“With all these books, and this is where I’m going to sound corny, every book we put out, we want to succeed. Every book is kind of like a child, you want it to work. Books like O.M.A.C., yes, I loved O.M.A.C., and you know the hard work that goes into that. Unfortunately, sometimes these books don’t find the audience you were hoping they would. We knew from the beginning, when we created the New 52, some of these books that we were discussing earlier, there was always the discussion of replacement titles if something was not performing to the extent where we’d like it to be. It’s always unfortunate when something doesn’t work out the way you’d like. It doesn’t mean these characters are going to go away. One thing I really think is exciting is you will see O.M.A.C. land in another book. You will see Hawk and Dove land in another title. This is the fourth time I’ve used this term, so again I apologize, but we are world-building. These characters, even if their books are going way, they are still part of the DC story. We’ll still be seeing them.”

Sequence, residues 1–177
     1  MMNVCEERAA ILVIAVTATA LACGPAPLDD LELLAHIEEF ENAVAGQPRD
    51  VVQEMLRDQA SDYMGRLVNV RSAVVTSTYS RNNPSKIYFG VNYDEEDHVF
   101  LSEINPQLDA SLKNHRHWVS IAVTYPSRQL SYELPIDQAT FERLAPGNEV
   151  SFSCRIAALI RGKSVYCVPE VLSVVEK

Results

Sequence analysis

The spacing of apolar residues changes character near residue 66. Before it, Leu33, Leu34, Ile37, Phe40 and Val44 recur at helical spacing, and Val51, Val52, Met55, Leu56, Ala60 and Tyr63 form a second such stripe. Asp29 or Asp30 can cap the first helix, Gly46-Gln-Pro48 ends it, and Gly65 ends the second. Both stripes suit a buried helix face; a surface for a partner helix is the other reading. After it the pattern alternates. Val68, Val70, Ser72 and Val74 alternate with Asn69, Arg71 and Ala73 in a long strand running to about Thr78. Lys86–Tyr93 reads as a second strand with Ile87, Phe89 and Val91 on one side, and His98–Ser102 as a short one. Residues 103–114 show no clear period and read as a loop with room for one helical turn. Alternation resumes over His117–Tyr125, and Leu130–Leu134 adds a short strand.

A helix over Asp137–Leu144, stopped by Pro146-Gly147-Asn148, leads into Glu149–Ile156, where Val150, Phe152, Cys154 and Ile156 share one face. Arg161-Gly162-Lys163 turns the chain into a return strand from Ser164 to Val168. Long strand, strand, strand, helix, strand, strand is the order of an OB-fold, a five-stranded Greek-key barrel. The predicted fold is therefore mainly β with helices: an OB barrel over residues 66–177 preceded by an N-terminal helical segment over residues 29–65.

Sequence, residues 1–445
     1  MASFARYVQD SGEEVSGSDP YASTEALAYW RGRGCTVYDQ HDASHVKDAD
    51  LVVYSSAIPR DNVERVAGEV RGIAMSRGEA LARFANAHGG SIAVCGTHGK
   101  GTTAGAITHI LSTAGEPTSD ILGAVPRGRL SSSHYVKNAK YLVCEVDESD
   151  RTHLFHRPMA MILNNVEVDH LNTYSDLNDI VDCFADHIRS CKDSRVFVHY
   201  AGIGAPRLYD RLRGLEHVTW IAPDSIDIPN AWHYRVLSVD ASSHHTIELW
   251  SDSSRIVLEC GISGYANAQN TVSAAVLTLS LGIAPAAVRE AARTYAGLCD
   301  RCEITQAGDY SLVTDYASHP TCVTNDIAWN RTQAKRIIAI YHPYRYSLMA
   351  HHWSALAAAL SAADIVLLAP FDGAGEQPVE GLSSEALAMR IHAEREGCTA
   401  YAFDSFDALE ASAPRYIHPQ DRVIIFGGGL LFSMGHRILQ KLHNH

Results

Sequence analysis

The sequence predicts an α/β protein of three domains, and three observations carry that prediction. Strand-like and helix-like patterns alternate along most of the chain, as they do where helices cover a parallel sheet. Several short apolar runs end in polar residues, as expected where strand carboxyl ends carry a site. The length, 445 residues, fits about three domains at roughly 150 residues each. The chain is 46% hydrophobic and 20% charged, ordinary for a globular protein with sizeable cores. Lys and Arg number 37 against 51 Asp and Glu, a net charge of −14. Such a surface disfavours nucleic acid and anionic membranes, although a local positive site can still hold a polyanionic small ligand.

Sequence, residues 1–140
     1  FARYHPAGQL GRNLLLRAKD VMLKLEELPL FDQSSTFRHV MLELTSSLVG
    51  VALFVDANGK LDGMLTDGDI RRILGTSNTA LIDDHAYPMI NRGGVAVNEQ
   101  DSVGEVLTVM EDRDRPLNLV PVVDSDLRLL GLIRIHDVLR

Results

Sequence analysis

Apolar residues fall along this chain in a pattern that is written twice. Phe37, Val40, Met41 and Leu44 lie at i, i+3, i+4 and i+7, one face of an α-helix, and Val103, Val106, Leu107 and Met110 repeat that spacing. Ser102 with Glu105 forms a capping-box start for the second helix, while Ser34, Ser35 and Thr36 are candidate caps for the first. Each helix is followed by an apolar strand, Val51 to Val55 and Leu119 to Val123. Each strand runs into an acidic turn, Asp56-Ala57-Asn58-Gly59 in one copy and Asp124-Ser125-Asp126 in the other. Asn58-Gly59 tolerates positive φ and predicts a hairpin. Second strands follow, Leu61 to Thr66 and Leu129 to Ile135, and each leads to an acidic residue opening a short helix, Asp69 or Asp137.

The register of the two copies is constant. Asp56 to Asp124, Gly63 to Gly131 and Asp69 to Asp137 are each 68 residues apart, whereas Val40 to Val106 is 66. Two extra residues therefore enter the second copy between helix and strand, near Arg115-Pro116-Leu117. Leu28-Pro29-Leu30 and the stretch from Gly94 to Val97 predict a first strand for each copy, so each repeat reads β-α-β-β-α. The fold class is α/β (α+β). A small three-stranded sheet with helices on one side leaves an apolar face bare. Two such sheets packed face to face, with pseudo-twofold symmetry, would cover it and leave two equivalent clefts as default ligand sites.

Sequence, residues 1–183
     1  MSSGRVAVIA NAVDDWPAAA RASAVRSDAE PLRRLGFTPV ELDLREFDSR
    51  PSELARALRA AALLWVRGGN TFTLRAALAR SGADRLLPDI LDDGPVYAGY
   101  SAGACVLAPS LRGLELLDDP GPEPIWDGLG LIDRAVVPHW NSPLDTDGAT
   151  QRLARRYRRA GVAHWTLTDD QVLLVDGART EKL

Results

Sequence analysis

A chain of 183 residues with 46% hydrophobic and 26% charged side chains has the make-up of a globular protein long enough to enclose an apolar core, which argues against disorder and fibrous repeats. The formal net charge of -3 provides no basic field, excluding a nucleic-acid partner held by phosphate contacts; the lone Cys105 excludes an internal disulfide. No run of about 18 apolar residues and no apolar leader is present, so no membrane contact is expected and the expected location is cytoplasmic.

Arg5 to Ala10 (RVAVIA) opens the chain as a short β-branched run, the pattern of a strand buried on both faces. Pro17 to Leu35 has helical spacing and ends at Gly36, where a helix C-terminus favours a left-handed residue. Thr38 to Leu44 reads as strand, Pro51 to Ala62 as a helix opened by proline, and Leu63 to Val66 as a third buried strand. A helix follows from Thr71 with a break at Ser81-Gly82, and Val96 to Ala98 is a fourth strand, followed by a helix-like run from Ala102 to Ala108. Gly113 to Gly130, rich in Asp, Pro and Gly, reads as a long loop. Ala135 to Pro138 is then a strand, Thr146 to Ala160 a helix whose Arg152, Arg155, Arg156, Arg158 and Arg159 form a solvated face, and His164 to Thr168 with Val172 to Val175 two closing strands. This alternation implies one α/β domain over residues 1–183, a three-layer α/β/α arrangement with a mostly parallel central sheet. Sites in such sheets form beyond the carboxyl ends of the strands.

Awards | The Visual Effects Society has named Stan Lee as the recipient of the VES 2012 Lifetime Achievement Award, which honors individuals whose “lifetime body of work has made a significant and lasting contribution to the art and/or science of the visual effects industry by way of artistry, invention and/or groundbreaking work.” Previous recipients include George Lucas, Steven Spielberg, Ray Harryhausen and James Cameron. The award will be presented Feb. 7 at the 10th annual VES Awards. [press release]
Organizations | The Comic Book Legal Defense Fund reports it raised $12,500 last weekend at New York Comic Con. [CBLDF]
Awards | Comic-Con International has opened nominations for the The Will Eisner Spirit of Comics Retailer Award, which awarded to “an individual retailer who has done an outstanding job of supporting the comics art medium both in the community and within the industry at large.” [CCI]